Across all 50 states, young leaders and activists helped to organize the first “March for our Lives,” aimed at enacting gun control reforms in the wake of the Valentine’s Day shooting in Parkland, Fla.One of these marches was held Saturday afternoon in downtown South Bend, where students from Notre Dame and Saint Mary’s marched in time with millions across the country advocating for a change to America’s gun laws.The students flocked to Morris Performing Arts Center where they carried signs and shouted chants into the cold March air. Photo courtesy of Teresa Brickey Saint Mary’s students junior Teresa Brickey, left, and sophomore Olivia Sencion, right, stand with South Bend mayor Pete Buttigieg at the South Bend ‘March for Our Lives’ March 24. The rally was held to advocate for gun control reform.Among those carrying signs was Saint Mary’s junior Teresa Brickey.“I’ve been to a lot of protests and a lot of organizations, but what made this one special was that it was organized by people who can’t even vote yet, but have this intense love for our country,” Brickey said. “It’s very much about our future as a country and who’s going to be in positions of power and who’s going to be heard.”Brickey’s desire to listen to affected individuals and participate politically motivated her to attend the march, she said, but the most influential factor driving her decision involved the prevalence of gun violence.“It’s absolutely ridiculous that as a developed country, this is happening,” she said. “It just keeps happening, and every once in a while it happens to the scale where it’s on the news everywhere. But it happens every day.”Attending the march constituted a civil mode of taking action, Brickey said.“I think it’s really important to participate in forms of democracy that we’re called to and that we’re given these rights to do,” Brickey said. “It’s not necessarily that we can get rid of gun violence as a whole, but we can have ways that diminish it or decrease the rates. I just believe that there are ways we can change it.”Notre Dame sophomore Kelsey Allen, who grew up twenty miles from the site of the 2012 Sandy Hook school shooting in Newtown, Connecticut and attended the march, expressed frustration at the continued prevalence of gun violence in American society.“I had to hide under a desk for several hours when the Newtown shooting happened,” Allen said. “Several people in my school lost family members, we lost a couple members of our community and I can’t believe it’s not over.”In explaining her decision to take part in the march, Notre Dame sophomore Sheila Gregory also mentioned the scale of gun violence in the United States.“I’m marching because in the years since Columbine we’ve had more deaths from gun violence than basically all wars,” Gregory said. ”It’s disproportionately affecting students, and we‘re afraid to go to school. We need to get out there and show our representatives that enough is enough and this is going to be what breaks the camel’s back. We will vote you out of office.”Saint Mary’s senior Caroline Koenig said Parkland shooting — in which 17 students were killed and another 17 were wounded — especially resonated with her and sparked a desire to seek active outlets for her frustration.“It’s such a uniquely American issue,” she said. “There has to be a reason for that and a way we can fix that.”The freedom to express her opinions, Koenig said, cannot be neglected.“It’s important for me, if I believe in something, to participate in protests such as these,” she said. “If I want to say that I believe in it, I should go out and act.”Notre Dame senior Carolyn Yvellez said in an email she was marching to stand with victims of previous gun violence.“I participated in the event to march in solidarity with the survivors of Parkland, Sandy Hook, Columbine and the African American community who have been advocating for an end to gun violence in their communities before the media and the American public gave this issue proper attention,” Yvellez said. “As a young person, I feel particularly motivated to join Parkland students in demanding grown adults and our legislators do their job in protecting students and children who do not have a voice, and continue to be victims of gun violence.”The march also saw participation from international students. Notre Dame junior Camille Taltas, a native of France, said marching gave her a chance to express her views on gun safety.“I can‘t vote in this country, so this is the only way for me to protest,” Taltas said.Direct political participation, rather than more passive avenues of support, spark productive discourse and catalyze societal change, Saint Mary’s sophomore Olivia Sencion said. “You can say anything you want, but taking the action and physically doing something about it and making your voice heard … is the most critical part,” she said.A definite shift has occurred in the concerns she had as a young person and the fears children endure today, Sencion said. One poster at the march, she said, captured this sentiment by stating: “I don’t want to have to worry about going to school with my book-bag and coming out in a body bag.”“I never had to worry about that, and I don’t want young kids to have to worry about that,” Sencion said. “That hit me most because these are children being scared for their lives and whether or not they’re going to survive their school day.”Saint Mary’s junior Melissa Palencia said though she appreciates the intention behind offering thoughts and prayers for victims of violence, taking concrete steps toward reform is just as necessary.“What really needs to happen is action,” Palencia said. “Especially for me personally — I’m trying to be an educator, so seeing [violence] firsthand and having so many people in this community be affected … there needs to be so much change in the community, in society, in everything.”Gregory said she felt the policies of certain lawmakers on the issue of gun violence were at odds with their stances on other questions.“Another reason why I‘m marching is because 33,000 [people], on average, are killed every year from guns, but Republicans in Congress don’t make it a pro-life issue and it is obviously a pro-life issue,” she said. “If you’re going to call yourself [pro-life], you should support legislation that restricts the sale of assault weapons and increases background checks.”Yvellez also mentioned this issue in relation to her decision to march.“Given [that Notre Dame] identifies as a pro-life campus, I hope these demonstrations are highly attended and embraced as consistent with Notre Dame’s values,” she said.Koenig said she feels compelled to defend students’ rights to live and earn educations.“This is something that I don’t really want to have to protest for — for children to be in their school environment,” Koenig said. “The innocence of children is impactful and powerful in the eyes of, hopefully, legislators, who can empathize with mothers and fathers.”Tags: Downtown South Bend, March for Our Lives, Parkland, protest, South Bend, vote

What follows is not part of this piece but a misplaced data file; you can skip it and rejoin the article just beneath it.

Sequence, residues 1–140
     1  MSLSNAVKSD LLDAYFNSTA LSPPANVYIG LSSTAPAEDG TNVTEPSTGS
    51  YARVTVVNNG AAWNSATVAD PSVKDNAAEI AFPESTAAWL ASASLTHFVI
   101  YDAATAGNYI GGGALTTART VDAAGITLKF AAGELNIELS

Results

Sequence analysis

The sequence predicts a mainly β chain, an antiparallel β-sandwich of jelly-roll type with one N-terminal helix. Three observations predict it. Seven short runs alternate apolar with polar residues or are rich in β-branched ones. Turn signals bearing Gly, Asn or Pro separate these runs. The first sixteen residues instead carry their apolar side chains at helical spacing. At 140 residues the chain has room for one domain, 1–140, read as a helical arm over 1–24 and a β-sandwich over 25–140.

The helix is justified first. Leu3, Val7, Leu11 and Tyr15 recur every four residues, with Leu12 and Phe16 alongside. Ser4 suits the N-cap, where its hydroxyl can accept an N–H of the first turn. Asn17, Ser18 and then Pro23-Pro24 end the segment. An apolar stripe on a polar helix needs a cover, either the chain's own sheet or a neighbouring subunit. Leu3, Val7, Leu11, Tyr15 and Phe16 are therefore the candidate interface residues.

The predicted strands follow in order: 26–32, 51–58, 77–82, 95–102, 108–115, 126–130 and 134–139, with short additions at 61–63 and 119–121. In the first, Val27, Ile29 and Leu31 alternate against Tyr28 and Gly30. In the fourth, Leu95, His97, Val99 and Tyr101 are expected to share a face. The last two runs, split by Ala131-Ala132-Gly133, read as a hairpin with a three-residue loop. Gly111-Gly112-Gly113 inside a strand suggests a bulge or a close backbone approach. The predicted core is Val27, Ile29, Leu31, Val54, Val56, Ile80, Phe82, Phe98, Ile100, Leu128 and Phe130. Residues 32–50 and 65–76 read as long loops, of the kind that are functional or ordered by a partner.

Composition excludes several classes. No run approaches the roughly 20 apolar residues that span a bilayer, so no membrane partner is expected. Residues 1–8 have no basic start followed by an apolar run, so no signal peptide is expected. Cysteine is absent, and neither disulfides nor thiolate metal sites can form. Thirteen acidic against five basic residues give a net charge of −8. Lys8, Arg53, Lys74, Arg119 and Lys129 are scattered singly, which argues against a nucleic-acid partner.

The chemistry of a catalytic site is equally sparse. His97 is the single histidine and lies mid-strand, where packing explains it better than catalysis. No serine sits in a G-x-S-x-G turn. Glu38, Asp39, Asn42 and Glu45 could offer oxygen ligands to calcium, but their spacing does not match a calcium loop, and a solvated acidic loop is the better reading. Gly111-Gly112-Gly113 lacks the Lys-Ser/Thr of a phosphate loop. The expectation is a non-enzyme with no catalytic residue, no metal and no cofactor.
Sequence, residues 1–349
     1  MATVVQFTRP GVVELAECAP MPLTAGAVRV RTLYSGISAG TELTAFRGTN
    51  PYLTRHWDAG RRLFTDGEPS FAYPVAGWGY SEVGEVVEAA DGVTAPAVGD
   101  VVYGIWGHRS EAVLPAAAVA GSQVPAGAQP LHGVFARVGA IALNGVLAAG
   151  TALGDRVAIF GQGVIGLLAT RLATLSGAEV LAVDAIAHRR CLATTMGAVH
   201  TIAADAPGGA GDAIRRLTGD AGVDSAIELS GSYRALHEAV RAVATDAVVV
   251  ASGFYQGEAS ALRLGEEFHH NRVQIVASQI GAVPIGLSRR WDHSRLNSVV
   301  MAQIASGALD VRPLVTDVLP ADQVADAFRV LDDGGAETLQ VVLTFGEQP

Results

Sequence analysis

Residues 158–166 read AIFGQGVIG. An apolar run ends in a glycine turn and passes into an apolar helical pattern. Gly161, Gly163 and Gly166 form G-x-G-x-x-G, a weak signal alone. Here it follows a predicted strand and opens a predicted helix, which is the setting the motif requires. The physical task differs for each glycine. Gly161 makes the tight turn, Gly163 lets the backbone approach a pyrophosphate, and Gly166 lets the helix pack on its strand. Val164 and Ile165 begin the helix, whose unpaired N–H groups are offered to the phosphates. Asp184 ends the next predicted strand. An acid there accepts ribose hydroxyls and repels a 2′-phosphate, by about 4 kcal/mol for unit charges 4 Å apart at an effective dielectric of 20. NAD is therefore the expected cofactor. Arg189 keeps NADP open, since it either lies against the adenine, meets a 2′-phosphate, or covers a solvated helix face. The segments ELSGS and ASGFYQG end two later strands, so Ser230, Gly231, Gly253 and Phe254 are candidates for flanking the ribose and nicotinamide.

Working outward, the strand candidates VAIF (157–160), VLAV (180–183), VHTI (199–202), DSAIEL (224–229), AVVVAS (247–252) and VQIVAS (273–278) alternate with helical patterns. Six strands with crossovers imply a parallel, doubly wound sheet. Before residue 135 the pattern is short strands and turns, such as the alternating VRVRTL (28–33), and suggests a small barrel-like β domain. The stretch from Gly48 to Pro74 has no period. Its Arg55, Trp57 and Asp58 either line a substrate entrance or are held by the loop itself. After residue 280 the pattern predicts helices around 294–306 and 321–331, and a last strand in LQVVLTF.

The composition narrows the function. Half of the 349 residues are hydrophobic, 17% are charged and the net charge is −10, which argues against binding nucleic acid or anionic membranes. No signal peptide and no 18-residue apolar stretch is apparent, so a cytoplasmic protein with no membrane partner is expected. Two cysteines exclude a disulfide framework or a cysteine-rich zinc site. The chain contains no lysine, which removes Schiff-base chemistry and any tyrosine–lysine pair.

All Kazakh and Belarusian weightlifters could now be banned for a year from all international weightlifting competitions.Under International Weightlifting Federation rules, automatic bans come into effect if at least three of a country’s athletes fail Olympic retests.The International Olympic Committee has reported a total of 98 positive cases from recent retests of samples from the Beijing and London Games.At least six of those cases came in one weightlifting event, the men’s -94kg category in 2012.Share this:FacebookRedditTwitterPrintPinterestEmailWhatsAppSkypeLinkedInTumblrPocketTelegram Three weightlifters from Kazakhstan have been stripped of Olympic gold medals won at London 2012 after new tests found them guilty of doping.Zulfiya Chinshanlo, Maiya Maneza and Svetlana Podobedova were all caught when samples from 2012 and the 2008 Games in Beijing were retested.Chinshanlo won at -53kg, Maneza at -63kg and Podobedova at -75kg and all tested positive for steroid stanozolol.It has not been confirmed if their gold medals will now be re-assigned.Eight athletes were sanctioned yesterday, with Marina Shkermankova of Belarus losing her London 2012 bronze medal in the -69kg class.